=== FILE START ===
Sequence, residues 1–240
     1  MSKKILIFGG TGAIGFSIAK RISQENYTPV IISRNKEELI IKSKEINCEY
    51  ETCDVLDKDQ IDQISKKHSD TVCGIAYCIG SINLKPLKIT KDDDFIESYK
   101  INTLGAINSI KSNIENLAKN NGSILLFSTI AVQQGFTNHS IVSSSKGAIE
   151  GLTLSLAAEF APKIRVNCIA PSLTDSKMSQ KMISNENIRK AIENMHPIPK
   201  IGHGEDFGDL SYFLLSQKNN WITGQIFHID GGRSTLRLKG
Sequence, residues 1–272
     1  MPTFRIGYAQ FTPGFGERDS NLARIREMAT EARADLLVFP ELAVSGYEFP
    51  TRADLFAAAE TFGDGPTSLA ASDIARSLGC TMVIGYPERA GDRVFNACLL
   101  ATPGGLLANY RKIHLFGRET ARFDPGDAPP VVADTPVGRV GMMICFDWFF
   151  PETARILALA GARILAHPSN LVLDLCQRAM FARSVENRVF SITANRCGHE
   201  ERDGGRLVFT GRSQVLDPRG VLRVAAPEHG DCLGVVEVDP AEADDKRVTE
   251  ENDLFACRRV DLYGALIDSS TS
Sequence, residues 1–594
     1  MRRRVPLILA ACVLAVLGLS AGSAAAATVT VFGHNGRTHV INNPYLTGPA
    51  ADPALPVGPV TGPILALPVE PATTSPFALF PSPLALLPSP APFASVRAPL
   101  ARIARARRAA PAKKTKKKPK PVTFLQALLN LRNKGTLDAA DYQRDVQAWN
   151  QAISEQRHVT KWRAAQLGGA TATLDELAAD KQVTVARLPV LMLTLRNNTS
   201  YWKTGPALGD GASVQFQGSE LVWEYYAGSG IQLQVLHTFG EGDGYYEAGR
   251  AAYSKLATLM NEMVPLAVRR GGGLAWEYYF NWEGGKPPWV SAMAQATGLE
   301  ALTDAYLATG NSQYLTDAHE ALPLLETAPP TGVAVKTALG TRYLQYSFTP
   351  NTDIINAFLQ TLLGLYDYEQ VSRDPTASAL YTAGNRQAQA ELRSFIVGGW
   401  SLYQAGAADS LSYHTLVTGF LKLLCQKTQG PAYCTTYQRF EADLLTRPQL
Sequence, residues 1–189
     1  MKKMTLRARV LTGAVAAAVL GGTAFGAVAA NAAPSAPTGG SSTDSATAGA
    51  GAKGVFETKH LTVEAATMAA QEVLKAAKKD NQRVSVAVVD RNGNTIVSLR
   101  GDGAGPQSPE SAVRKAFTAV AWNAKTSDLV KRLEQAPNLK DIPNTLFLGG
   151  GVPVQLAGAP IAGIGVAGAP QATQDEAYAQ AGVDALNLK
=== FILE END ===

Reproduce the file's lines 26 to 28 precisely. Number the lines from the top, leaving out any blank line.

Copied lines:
    51  GAKGVFETKH LTVEAATMAA QEVLKAAKKD NQRVSVAVVD RNGNTIVSLR
   101  GDGAGPQSPE SAVRKAFTAV AWNAKTSDLV KRLEQAPNLK DIPNTLFLGG
   151  GVPVQLAGAP IAGIGVAGAP QATQDEAYAQ AGVDALNLK